ABSTRACT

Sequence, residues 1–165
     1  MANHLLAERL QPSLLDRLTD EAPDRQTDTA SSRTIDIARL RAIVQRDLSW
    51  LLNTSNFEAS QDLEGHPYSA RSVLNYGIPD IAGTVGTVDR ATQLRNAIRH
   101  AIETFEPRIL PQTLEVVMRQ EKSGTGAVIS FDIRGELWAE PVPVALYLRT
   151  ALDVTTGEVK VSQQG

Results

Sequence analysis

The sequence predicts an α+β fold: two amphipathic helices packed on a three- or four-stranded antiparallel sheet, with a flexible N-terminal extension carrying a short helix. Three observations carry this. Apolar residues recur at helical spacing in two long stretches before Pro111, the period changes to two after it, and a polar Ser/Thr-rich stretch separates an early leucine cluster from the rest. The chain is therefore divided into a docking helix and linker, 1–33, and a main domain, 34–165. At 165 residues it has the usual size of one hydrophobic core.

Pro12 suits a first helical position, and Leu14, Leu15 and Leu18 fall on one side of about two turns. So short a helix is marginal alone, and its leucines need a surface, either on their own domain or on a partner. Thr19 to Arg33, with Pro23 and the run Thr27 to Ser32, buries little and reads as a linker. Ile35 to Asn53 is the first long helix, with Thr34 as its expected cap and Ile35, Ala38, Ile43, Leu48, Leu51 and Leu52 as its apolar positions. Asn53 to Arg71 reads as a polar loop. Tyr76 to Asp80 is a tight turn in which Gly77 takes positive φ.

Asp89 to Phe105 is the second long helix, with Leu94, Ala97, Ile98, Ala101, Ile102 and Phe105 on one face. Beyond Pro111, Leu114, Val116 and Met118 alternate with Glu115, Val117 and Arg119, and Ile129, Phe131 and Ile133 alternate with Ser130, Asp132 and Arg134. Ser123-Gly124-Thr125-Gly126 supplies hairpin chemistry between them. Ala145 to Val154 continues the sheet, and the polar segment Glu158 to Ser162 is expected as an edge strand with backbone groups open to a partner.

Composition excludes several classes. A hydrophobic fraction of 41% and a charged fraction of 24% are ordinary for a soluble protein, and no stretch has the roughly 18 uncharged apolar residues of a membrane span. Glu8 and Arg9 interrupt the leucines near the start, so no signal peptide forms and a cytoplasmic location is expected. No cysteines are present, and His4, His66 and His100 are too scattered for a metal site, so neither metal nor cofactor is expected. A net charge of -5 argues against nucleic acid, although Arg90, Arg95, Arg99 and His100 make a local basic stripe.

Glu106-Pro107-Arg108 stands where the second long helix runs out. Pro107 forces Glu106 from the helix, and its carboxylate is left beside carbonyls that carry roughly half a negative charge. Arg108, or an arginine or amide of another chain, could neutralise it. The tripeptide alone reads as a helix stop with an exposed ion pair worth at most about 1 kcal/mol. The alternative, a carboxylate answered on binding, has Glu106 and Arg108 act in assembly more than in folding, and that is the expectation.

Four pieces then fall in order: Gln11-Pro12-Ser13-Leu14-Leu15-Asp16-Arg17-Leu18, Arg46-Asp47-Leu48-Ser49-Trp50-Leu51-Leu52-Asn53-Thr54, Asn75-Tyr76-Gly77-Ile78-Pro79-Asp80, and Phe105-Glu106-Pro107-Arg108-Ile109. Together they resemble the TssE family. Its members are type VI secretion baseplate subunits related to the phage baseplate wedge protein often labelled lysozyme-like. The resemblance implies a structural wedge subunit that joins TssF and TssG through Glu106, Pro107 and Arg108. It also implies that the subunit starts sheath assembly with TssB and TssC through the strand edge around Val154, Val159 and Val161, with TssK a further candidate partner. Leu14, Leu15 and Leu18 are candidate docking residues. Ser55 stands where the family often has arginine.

We have developed a multicomponent broadband seismic landstreamer system based on digital sensors and particularly suitable for noisy environments and areas in which high-resolution images of the subsurface are desired. We have evaluated results, interpretations, and approaches using the streamer in the planning of an approximately 3-km-long underground tunnel in the city of Varberg in the southwestern Sweden. Prospective targets were imaging of the shallow (<20 m) bedrock surface and weak zones, such as fracture and shear zones. Over the course of three weeks, 25 profiles were acquired with a total length of approximately 7.5 km using a source and receiver spacing of 2–4 m. A novel approach of the data acquisition was to integrate the landstreamer with wireless sensors in areas in which the accessibility was restricted by roads and also to increase the source-receiver distances (offsets). Although the area was highly noisy, the seismic data, in conjunction with available boreholes, successfully led to delineation of the bedrock surface, its undulations, and areas of poor rock quality. To overcome challenges due to geologic complexities and crooked-line data acquisition, 3D tomographic inversion of first breaks was carried out. Comparisons of the results with the existing boreholes indicated that in most places, the bedrock surface was well resolved by the method, which supported the indication of weak zones in the bedrock, represented by low-velocity structures in the tomographic results. We also evaluated the effect of poor geodetic surveying, particularly regarding elevation data, which adulterated the tomography results toward undulating bedrock surfaces or zones of low velocities.

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